PR – Here you invite the audience to become active participants, but would you agree that ambiguity and subversion can be a means of creating a space for the audience to enter the film?
GWH – I definitely have certain intentions in mind, and they’ve been my intentions with everything I’ve made. I want the audience to laugh, I want them to be scared, and I want them to be kind of turned on at different places in all of my films. I’m looking for an overlap there, and as they’re feeling those three things in alternation and then also in combination, I want them to appreciate and also resent me for doing that, and then afterwards appreciate that they resented it. So I want everyone to feel complicated about everything that I do.
PR – What I Blame Society hinges on is us hitting that moral quandary, realising we shouldn’t have entered this dance with the devil.
GWH – Yeah, and there’s a pleasure in that, in subverting expectation. It’s fun, and there are a lot of great films like American Psycho (Harron, 2000) that trade on the charisma of a character, to get you to root for them even as they do something abhorrent. Those films are dangerous, but they’re also really fun.
PR – I felt that there was an air of improvisation to I Blame Society, and recalling Pablo Larraín telling me that a film is found in the final cut, would you describe your approach to filmmaking as an act of trusting your instincts, as a journey of discovery?
GWH – That’s the impression we wanted to give, but actually it was created more meticulously. There’s certain scenes that are improvised and we add to those to give the rest of the film a bit of a spontaneous feeling, because that’s really exciting too in a horror movie, that feeling of what’s going to happen?
I had a very specific idea with the script and I had a very specific idea in the cut. There wasn’t too much experimentation, and I appreciate filmmakers who do have a much more impressionistic way of making a film, or they’re like, “I grabbed some stuff here and I grabbed some stuff there, and oh, then I had this other idea for how we should do the scene…”, and then they find the film like they made a documentary. They just look at the footage and they find the film, but I can’t do that because like I said, I have control issues. I need to know what’s going to happen and how to execute it, and then I know I at least did it how I intended, and hopefully well.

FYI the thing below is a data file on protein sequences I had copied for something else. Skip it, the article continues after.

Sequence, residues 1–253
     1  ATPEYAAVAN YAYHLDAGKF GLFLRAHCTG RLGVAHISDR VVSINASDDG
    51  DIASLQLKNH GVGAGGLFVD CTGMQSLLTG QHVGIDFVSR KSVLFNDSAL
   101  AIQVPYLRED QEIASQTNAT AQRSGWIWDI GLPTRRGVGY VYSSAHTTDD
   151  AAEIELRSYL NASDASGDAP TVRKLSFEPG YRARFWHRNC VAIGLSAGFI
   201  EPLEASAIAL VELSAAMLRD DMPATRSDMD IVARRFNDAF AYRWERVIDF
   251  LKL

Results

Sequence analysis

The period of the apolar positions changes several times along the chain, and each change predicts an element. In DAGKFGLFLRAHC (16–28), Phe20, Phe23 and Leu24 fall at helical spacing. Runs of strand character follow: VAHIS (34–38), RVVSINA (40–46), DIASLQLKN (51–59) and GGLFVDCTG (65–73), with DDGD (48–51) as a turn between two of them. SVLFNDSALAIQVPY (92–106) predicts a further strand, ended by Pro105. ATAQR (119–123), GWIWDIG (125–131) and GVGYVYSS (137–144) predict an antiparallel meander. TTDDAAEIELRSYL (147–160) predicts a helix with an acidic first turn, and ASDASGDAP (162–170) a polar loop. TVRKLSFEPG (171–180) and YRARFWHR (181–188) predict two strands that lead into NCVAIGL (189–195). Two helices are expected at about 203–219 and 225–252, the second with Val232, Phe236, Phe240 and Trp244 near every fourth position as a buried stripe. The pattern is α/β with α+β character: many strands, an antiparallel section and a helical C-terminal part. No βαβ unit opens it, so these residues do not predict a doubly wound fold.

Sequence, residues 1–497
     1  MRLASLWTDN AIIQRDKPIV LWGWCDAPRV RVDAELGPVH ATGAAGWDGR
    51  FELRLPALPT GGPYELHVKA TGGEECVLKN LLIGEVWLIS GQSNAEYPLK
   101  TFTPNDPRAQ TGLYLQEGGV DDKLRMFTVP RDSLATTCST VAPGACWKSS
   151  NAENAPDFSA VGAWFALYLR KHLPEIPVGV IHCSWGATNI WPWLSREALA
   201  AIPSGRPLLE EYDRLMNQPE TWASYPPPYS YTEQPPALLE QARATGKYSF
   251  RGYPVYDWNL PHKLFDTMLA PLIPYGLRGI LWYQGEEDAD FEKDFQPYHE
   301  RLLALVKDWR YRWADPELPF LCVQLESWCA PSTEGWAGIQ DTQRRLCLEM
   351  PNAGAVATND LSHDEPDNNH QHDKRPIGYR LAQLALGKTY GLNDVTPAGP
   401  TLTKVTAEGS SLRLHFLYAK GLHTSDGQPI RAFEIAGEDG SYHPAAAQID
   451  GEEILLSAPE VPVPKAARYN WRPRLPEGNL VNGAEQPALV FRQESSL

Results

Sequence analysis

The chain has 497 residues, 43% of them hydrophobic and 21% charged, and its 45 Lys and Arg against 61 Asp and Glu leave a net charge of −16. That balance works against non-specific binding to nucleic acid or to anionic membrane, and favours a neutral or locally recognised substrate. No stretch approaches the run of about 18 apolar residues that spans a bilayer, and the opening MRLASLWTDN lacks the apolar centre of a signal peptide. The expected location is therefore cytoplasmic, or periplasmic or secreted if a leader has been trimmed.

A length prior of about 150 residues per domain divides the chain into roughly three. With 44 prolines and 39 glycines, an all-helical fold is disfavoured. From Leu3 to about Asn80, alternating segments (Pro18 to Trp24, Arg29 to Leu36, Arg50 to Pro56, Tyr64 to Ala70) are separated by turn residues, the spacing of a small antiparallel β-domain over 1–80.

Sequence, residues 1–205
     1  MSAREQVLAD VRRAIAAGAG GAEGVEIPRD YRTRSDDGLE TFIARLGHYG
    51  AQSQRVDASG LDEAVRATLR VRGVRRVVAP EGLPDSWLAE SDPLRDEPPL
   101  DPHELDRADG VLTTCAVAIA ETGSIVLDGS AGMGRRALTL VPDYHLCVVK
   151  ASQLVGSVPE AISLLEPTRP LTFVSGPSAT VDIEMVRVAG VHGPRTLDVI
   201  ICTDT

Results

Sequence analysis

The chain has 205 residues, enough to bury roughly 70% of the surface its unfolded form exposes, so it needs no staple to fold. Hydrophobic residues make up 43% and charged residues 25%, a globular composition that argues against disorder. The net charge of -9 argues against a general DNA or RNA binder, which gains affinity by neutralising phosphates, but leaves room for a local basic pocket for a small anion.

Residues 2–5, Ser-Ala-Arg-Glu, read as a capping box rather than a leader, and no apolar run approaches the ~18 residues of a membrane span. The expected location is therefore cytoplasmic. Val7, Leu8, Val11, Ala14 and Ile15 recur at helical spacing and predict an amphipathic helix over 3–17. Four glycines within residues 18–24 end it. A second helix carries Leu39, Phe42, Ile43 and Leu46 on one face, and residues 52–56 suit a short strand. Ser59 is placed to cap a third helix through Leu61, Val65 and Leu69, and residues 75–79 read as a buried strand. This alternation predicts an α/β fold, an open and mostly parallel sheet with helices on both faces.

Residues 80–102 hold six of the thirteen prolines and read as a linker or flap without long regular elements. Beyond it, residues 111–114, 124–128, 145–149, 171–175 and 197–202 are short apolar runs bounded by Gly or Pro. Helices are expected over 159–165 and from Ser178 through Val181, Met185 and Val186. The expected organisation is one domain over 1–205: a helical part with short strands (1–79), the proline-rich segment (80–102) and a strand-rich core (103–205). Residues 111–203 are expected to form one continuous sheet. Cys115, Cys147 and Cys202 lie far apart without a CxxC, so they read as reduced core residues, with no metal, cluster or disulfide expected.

There has to be so much more faith in yourself and in the medium if you’re going to go about it the other way – it’s inviting chance and collaboration. Pablo Larraín is probably less neurotic than I am, and I love his movies. Whatever he’s doing, he’s doing it right, but I couldn’t do it that way. If he were to ever teach a film class, I’d probably take it so I could figure out how to do it that way.
PR – Filmmaker Christoph Behl remarked to me: “You are evolving, and after the film, you are not the same person as you were before.” Do you perceive there to be transformative aspect to the filmmaking process, where you change as a person?
GWH – We’re all the sum of our experiences, but for me what you said reminded me of the personal and psychological discomfort I felt finishing the film, because of the transformation that the character went through, and also my physical transformation. I had to cut my hair onscreen, pluck my fucking eyebrows off, and bleach my hair. It was so unnerving, dissociating and alienating. At the end of the film I had to look in the mirror and see another person – this character that was still holding on. I didn’t feel the movie was over until all of my hair grew out and there was no blonde left in it anymore.
Yeah, that felt really good and once that happened, I felt like I was the other person on the other side, but I felt like I lingered so much in this liminal, half-psychotic place for a while. It was frightening to look in the mirror and not see yourself anymore.
I Blame Society is out on Digital on Monday, April 19th.